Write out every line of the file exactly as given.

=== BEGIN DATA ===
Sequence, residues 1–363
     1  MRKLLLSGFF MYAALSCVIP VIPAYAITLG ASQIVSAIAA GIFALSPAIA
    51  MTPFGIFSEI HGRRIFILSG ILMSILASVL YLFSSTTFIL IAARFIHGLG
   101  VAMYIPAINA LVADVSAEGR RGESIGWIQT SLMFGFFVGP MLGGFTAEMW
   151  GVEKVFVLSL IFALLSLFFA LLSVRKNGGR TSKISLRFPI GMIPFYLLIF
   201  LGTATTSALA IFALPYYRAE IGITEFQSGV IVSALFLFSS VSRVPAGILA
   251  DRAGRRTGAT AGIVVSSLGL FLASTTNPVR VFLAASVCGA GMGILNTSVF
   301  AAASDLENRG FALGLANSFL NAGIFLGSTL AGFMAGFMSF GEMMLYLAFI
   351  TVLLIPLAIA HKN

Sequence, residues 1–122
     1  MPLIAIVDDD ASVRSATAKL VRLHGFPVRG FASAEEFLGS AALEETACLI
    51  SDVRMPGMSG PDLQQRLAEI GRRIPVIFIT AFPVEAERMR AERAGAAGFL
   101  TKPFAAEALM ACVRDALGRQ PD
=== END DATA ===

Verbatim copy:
Sequence, residues 1–363
     1  MRKLLLSGFF MYAALSCVIP VIPAYAITLG ASQIVSAIAA GIFALSPAIA
    51  MTPFGIFSEI HGRRIFILSG ILMSILASVL YLFSSTTFIL IAARFIHGLG
   101  VAMYIPAINA LVADVSAEGR RGESIGWIQT SLMFGFFVGP MLGGFTAEMW
   151  GVEKVFVLSL IFALLSLFFA LLSVRKNGGR TSKISLRFPI GMIPFYLLIF
   201  LGTATTSALA IFALPYYRAE IGITEFQSGV IVSALFLFSS VSRVPAGILA
   251  DRAGRRTGAT AGIVVSSLGL FLASTTNPVR VFLAASVCGA GMGILNTSVF
   301  AAASDLENRG FALGLANSFL NAGIFLGSTL AGFMAGFMSF GEMMLYLAFI
   351  TVLLIPLAIA HKN

Sequence, residues 1–122
     1  MPLIAIVDDD ASVRSATAKL VRLHGFPVRG FASAEEFLGS AALEETACLI
    51  SDVRMPGMSG PDLQQRLAEI GRRIPVIFIT AFPVEAERMR AERAGAAGFL
   101  TKPFAAEALM ACVRDALGRQ PD